So far we've blown up most every trade agreement previously agreed and changed our minds many mornings about who's affected, how much, and when (e.g Huawei or delaying tariffs to after Christmas because they will/won't/will cause higher prices). We've also messed up supply chains, added volatility to their energy prices, and disparaged various allies and trade partners along the way.
    They are too cautious in my view. They short themselves avoiding conflict. Until avoiding conflict finds a huge war or conflict. That escapes their guard.

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    Quote Originally Posted by PeteM View Post
    I'd agree that a united front would be useful. My guess is that Euro countries aren't entirely eager to side with the US on trade issues for fear of being dragged into a mess, held hostage to tweeted new positions, then stabbed in the back.

    So far we've blown up most every trade agreement previously agreed and changed our minds many mornings about who's affected, how much, and when (e.g Huawei or delaying tariffs to after Christmas because they will/won't/will cause higher prices). We've also messed up supply chains, added volatility to their energy prices, and disparaged various allies and trade partners along the way.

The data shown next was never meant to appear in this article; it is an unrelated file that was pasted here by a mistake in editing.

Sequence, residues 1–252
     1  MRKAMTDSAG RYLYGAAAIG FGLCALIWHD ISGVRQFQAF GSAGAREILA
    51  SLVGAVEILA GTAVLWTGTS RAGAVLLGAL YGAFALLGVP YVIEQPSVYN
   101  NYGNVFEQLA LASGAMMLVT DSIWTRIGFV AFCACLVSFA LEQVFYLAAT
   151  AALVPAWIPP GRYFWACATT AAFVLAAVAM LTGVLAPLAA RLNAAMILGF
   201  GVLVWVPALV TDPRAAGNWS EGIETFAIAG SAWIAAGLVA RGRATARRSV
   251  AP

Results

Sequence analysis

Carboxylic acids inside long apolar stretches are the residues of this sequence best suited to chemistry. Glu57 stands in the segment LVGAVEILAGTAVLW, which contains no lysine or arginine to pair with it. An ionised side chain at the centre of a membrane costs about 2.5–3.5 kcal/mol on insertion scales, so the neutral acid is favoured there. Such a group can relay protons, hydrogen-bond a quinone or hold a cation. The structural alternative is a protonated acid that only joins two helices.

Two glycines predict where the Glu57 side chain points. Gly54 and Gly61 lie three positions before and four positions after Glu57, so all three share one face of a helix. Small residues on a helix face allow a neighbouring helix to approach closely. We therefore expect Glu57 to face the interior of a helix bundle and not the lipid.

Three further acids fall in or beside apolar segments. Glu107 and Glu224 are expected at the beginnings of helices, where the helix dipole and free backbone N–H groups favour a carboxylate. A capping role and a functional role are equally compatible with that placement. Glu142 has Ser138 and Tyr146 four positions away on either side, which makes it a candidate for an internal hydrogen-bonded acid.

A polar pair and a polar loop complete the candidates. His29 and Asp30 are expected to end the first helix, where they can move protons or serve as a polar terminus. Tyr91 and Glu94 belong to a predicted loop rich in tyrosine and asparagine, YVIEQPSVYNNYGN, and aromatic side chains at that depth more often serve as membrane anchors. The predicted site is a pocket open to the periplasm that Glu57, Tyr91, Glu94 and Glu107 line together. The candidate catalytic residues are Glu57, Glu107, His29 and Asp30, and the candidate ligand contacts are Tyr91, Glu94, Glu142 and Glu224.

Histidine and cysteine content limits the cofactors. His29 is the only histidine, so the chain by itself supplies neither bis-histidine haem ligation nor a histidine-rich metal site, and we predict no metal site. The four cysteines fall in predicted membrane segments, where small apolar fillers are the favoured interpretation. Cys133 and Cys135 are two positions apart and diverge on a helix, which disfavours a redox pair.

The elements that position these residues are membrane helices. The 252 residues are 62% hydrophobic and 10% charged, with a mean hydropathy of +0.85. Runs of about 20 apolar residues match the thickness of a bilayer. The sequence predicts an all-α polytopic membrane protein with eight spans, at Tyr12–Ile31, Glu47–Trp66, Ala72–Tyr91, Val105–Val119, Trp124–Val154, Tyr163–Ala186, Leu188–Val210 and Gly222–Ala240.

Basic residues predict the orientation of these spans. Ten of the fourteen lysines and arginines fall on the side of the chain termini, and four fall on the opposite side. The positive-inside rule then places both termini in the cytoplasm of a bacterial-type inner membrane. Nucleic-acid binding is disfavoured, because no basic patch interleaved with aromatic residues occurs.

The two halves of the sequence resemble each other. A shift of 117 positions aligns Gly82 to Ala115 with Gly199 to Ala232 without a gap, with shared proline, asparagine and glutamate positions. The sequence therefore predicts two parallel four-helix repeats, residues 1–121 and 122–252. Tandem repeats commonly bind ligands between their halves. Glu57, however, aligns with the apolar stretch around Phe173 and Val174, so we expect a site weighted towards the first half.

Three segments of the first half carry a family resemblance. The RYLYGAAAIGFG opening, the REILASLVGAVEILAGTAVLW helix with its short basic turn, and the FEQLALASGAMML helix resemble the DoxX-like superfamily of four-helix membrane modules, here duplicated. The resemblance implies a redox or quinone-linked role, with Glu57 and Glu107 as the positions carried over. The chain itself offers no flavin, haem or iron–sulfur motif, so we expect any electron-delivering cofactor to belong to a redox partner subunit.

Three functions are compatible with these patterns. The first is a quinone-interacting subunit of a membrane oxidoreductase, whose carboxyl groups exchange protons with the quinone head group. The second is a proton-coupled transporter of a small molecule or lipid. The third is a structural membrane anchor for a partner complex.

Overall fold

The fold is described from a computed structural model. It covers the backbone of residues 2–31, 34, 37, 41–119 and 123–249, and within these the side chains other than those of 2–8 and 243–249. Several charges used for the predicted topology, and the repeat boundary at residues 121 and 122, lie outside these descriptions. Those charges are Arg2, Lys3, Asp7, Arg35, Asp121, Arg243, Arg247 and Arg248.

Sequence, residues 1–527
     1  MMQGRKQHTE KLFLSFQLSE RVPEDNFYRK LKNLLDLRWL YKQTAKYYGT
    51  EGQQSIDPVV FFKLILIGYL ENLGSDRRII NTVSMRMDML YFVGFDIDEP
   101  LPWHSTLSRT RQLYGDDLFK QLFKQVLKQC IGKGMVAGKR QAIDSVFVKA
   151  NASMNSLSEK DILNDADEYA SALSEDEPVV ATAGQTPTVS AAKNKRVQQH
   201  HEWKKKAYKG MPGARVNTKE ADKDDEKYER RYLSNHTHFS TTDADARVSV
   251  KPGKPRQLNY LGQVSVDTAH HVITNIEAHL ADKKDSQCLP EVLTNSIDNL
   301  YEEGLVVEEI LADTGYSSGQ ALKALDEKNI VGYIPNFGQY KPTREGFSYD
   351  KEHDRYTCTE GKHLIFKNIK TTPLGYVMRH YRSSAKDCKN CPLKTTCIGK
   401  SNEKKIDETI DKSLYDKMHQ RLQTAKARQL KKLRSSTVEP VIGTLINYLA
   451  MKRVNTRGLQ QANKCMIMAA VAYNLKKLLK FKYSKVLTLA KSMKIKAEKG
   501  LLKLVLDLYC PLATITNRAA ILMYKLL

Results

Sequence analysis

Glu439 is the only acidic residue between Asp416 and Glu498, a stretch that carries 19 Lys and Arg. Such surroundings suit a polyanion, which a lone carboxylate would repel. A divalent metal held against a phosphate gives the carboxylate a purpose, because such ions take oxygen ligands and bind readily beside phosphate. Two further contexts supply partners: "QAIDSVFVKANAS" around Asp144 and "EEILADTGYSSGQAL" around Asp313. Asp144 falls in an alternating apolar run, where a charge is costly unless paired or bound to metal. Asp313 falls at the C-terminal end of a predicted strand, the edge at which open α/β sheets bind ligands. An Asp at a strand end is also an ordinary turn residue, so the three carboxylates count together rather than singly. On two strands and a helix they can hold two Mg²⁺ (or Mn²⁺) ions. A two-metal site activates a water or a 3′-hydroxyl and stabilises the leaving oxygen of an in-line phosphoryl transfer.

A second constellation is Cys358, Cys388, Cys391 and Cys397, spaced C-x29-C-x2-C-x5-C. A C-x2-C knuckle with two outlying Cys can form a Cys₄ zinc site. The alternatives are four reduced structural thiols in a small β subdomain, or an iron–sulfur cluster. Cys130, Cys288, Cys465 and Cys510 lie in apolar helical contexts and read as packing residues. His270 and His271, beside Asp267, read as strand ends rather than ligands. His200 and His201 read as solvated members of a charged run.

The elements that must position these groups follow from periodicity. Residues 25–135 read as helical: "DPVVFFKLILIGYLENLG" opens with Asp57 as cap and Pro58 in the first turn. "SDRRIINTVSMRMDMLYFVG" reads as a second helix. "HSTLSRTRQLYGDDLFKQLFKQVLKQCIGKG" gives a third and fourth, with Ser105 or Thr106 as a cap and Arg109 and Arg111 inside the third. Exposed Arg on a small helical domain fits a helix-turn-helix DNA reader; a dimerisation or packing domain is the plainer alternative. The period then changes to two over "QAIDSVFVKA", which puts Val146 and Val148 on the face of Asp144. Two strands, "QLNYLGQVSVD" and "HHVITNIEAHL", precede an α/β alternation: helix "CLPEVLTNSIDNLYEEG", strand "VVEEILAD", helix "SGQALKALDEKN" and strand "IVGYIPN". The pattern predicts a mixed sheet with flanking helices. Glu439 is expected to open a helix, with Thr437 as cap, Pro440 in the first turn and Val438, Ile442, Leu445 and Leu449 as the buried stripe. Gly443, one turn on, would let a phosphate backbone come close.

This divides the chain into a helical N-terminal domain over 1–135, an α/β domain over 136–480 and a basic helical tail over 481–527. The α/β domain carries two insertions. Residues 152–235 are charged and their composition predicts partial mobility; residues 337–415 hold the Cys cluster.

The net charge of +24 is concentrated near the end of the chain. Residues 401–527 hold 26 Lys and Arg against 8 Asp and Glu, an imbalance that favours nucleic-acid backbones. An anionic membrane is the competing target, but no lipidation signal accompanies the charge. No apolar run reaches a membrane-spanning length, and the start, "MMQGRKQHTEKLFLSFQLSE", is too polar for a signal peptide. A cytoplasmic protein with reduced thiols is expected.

Which trade agreements have we “blown up” in your view?

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    Mr. Pete I heard reporting that Democrats are not supportive of the China tariffs being removed. This is a area of agreement it seems. Whether or not persons have been paid money in the past to join with China while not having good compensation from US companies it seems that it is generally agreed by both parties that something must be done as the current state is not sustainable.

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    Quote Originally Posted by Trueturning View Post
    Which trade agreements have we “blown up” in your view?
    Quick review. Used to be that conservative administrations were in favor of free trade (helps producers sell stuff) and were negotiated in a win-win spirit. You do what we do best, we do what we do best, and we trade.

    Both liberals and conservatives tended to negotiate trade agreements somewhat in private, honored them, and kept trade as sort of a separate issue from politics and posturing. In comes Trump with a fuck-everyone-that's-not-me attitude, an initially isolationist view, and a very erratic style with Trump tweeting stuff and what few competent trade negotiators around left scrambling.

    So, we put tariffs on allies aluminum and steel, blow up NAFTA, rescind TPP, threaten tariffs for anyone Trump doesn't like for other reasons (e.g. Trump not liking Mexico because it didn't want to pay for the wall). We urge the UK to Brexit, and pretty much want to drop TTIP and CAFTA in favor of one on one agreements. As a side effect both our own companies' and our allies industries see supply chain disruption.